The 20 most important tools ever

Here is the Forbes list.  Only hand-wielded tools count, so the knife is number one and the abacus is number two.  Number twenty is the chisel, leave further suggestions in the comments.  It is not politically correct to wonder about "the whip," but how would it fare on a pure utilitarian calculus, realizing of course it gets animals to do the work?  Maybe "the stone" is not sufficiently handmade, but how else did they cut umbilical cords?

Thanks to Eric and Kathleen for the pointers.


Hmm. I would have included some fire-making tool, such as a flint shard or "bow and arrow" friction burner.

I wonder why money wasn't on the list. After some point, the blacksmith has enough beef. Or bread. Or whatever. A contract is helpful, too.

If they used a rock to sever the umbilical cord, then that rock was just a kinfe of very low quality.

How about the zipper? Would that count? I've always thought it was an underrated invention.

Pot is number one, not 16. How do you cook anything or drink anything without a pot? Give me a choice between a pot and an abacus or a rifle and I'm going for a pot.

How about a sling for carrying your baby while keeping your hands free. That's got to be one of the all-time great inventions, in the sense that a large fraction of the adult population suddenly has hands again, and can gather food, swat bugs, gesture, pick through thorns, etc.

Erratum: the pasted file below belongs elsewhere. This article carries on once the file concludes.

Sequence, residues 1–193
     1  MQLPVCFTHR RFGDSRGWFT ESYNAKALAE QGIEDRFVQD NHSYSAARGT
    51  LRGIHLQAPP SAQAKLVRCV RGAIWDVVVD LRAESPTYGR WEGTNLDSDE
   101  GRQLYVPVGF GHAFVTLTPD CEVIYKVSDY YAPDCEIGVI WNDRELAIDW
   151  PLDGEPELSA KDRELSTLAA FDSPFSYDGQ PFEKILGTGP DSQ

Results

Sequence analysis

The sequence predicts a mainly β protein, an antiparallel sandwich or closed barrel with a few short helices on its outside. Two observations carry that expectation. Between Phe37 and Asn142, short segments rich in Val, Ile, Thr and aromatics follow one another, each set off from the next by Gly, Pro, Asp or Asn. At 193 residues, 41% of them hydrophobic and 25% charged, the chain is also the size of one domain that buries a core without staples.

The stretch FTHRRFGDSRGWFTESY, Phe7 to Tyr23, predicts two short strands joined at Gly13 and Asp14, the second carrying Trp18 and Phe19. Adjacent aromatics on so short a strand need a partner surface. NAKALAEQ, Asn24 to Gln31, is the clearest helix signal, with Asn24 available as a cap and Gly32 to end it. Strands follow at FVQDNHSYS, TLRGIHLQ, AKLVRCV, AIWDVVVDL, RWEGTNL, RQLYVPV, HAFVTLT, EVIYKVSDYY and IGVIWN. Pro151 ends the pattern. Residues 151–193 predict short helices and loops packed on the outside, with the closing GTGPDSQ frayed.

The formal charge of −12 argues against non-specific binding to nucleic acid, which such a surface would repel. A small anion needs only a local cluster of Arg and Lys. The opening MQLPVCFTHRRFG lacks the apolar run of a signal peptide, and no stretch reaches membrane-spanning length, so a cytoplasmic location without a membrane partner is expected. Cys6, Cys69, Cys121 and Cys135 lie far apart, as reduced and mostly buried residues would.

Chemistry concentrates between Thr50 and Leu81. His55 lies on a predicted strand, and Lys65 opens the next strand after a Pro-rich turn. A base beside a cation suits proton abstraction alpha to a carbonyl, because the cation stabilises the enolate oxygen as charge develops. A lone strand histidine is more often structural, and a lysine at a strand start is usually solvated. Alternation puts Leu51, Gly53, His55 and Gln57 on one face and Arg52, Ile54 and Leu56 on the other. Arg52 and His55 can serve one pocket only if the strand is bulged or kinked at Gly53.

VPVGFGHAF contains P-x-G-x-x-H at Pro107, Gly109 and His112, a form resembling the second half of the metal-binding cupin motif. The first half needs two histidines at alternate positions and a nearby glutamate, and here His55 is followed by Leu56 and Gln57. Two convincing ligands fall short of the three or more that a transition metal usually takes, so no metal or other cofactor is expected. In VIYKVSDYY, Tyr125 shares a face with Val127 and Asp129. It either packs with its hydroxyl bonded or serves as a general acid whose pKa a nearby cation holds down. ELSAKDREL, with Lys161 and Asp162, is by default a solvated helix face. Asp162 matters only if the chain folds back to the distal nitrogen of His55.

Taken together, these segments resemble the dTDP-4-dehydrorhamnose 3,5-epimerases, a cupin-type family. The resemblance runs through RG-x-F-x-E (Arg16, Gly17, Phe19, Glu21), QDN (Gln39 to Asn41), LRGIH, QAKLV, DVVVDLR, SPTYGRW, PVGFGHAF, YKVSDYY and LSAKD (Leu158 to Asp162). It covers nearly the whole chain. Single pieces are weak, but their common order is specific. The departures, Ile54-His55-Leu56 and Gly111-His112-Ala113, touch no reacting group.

A "tarp" is useful.


Pottery/ Potter's Wheel. They list the pot, which is used in cooking, but pottery for storage enabled a lot of early agriculture and trade.

Bow and Arrow, as previously mentioned.

The Plow.

The Loom.

The Hammer.

on chisels:

13] Lewis continues his discussion, reasoning that "we're like blocks of stone, out of which the sculptor carves the forms of men. The blows of His chisel, which hurt so much, are what makes us perfect."

Assorted weapons, but not the stirrup? Made the horse an effective weapons platform. How much of world history changes if there was no cavalry?

Wrench/nut? Screwdriver/screw?

I recall the old Connections TV show with James Burke made a excellent case for the plow.

Outside Japan, agriculture ALWAYS preceded pottery. Top twenty, yes. Top? No. Note that you don't need a pottery wheel to make pottery. It is just a whole lot easier. Probably top twenty.

That makes the hoe-stick, and the morter & pestle (sp) the physical foundations of civilization--and both are still in use.

No mention of a quill or scribe?

The telescope was far, far, more important to everyday use in commerce and war before radio and GPS. I would probably still prefer the uscope, though.

@ Nathan Zook:

We also grouped together similar tools to reduce the size of the list--the pencil is a stand in for pens, quills, and brushes.

One decent Swiss army knife or Leatherman covers most of these 20!

How about a magnifying glass? could start a fire, be used for a microscope
or a telescope.

Mirror? or maybe that's not considered a tool.

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